Reports of Gospel Work
D. C. Hinton, Hayes, Middx.
“Behold, here am I”, Genesis 22. 1
We do well to consider the above words, used by Abraham, Moses, Samuel and others, before reading the following reports. The full force of the phrase is “Behold me”, or Here am I”, and the speaker is in each case stressing not only that he is there but that he is available for instant service, no matter what form that service may take. As a result, Abraham finds himself on the way to Mount Moriah and Moses on the road to Egypt, as they are taken up by God on the ground of this statement.
Are we as completely ready to obey the commands of our God as they were of old? As we are reminded in the pages that follow of the great need for the Gospel in our land, are we prepared to place our- selves at God’s disposal for Him to use as and when He pleases?
The example of the perfect Servant is summarised in the words “Here am I, send me”. We should seek grace and strength to say the same.
Ayrshire - Drongan
The most manifest blessing during the past two months has been at Drongan, and the Lord used a fatal accident to begin this work. The young folk from the assembly had been out to supper one evening and while returning home were involved in an accident when one of their number a sixteen year old girl, was killed. This greatly sobered the young ones and the following Lord’s Day two young men, one her prospective brother-in-law, sought baptism, while her particular chum professed conversion. The next Thursday another prospective relation attended an assembly prayer meeting in Ayr and found the Saviour, while the following Lord’s Day three young girls professed to have found the Saviour.
Thus we are reminded that our God uses even the tragedies of this life; to bring blessing to others and glory to His Name. Also it gives us cause to reflect that not one of us knows how soon we shall be in the presence of our Lord, there to give an account of our stewardship here, as to our time, our money, the Gospel, indeed everything. Are we living in the reality of this?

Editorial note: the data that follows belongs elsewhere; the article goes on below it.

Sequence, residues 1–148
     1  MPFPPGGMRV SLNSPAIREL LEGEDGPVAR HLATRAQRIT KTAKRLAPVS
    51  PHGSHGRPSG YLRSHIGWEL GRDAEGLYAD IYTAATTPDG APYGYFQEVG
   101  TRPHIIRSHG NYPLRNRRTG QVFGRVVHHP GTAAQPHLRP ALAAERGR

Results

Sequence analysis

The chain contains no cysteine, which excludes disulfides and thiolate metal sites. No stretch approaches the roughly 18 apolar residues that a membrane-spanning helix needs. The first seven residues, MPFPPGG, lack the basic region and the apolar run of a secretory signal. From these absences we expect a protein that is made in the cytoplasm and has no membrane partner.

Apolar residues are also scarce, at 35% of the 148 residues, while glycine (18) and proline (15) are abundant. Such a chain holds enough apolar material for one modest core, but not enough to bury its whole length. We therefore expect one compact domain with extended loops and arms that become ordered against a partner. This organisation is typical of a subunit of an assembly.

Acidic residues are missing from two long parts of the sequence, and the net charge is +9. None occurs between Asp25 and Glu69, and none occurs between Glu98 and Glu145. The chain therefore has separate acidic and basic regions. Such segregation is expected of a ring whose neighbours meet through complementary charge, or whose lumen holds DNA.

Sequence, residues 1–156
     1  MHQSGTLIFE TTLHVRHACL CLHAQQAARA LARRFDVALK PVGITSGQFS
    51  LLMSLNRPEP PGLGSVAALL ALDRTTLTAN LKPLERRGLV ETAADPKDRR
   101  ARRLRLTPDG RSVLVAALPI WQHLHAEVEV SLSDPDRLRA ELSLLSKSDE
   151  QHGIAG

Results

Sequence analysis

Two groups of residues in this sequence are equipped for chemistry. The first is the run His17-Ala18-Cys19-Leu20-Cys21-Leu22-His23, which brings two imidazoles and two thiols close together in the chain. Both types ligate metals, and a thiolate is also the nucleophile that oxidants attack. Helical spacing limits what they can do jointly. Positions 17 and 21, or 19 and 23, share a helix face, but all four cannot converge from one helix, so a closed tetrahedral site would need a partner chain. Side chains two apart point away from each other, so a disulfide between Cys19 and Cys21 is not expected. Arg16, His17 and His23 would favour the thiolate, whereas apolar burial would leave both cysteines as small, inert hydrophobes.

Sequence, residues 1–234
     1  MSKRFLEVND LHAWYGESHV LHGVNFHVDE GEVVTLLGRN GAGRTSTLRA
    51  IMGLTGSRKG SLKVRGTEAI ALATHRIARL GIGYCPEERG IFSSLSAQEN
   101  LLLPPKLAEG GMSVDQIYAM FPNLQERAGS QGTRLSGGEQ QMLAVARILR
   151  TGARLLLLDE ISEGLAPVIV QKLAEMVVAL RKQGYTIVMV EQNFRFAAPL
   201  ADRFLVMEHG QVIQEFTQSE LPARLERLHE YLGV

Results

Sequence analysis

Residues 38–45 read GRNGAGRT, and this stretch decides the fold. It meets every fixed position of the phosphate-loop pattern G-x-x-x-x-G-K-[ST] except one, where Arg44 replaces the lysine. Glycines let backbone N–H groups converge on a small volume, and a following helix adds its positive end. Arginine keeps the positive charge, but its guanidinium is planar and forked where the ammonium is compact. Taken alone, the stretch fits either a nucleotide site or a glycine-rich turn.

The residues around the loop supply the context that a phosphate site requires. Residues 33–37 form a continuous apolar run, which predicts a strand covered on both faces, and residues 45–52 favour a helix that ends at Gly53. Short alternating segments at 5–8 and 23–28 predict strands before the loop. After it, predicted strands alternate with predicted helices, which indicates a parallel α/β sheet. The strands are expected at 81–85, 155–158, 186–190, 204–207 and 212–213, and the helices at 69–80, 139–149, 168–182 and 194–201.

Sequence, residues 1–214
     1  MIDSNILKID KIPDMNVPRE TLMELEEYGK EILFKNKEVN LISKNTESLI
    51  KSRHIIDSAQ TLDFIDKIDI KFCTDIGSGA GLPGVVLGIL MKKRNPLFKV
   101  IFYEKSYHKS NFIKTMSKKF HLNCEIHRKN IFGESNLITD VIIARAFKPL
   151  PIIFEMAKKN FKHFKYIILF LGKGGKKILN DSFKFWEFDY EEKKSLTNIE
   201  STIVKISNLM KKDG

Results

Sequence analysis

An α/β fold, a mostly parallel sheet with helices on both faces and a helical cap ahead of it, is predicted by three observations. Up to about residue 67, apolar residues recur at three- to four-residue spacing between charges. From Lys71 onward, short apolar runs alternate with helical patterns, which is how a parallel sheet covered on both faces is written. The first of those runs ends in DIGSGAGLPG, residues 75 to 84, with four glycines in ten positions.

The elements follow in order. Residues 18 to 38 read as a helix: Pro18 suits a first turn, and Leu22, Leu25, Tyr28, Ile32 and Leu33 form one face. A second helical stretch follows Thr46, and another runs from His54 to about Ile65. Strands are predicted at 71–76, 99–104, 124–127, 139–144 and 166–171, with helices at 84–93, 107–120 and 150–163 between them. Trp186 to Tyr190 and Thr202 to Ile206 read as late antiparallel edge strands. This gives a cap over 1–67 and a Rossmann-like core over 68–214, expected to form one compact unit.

Ayrshire - Annbank
Steadily growing interest was evident during the visit of J. Hutchinson to Annbank, and by the end of the second week two dozen unsaved were under the sound of the Gospel.
While the usual advertising was done, the workers found that few strangers came entirely on their own; most people had to be either brought or, at least, accompanied. Selective visitation of homes with previous connections with the believers seems to bring more folk in than merely knocking at a multitude of doors with a general invitation. Previous sick visiting, especially of Sunday School scholars, and letters of sympathy sent in times of bereavement, provide such opportunities.
Once again this brings to our notice the importance of Gospel work among the young - not only as a means to their eternal blessing but also to gain entrance into the homes and thus reach the adult members Of the family.
In the village of Bellaghy, Co. Derry, where there is a small assembly, J. Thompson and J. Ritchie had ten weeks of Gospel meetings in a portable hall. Every home for miles around was visited more than once but it proved a very difficult area. Nevertheless there was encouragement and three professed faith in the Lord Jesus.
A number of miles across country there is another small assembly at Quilly, and in the Gospel Hall there J. Martin and T. McNeill had a special effort lasting three months. Here again a number professed to have been saved including all three members of one family.
The assembly at Ballycastle, on the north Antrim coast, is small and scattered. Recently an encouraging time was experienced as A. Lyttle and J. Brown spoke of the Saviour for eight weeks. All were encouraged in the salvation of four strangers.
The village of Rasharkin, in the same county, has a comparatively hew hall but the assembly is small and weak. Recently a young school teacher and two other young business men from Ballymena held two weeks of special meetings, mainly for the children. Over fifty attended nightly and the numbers in Sunday School have greatly increased as a result. A weekend children’s meeting has also been started.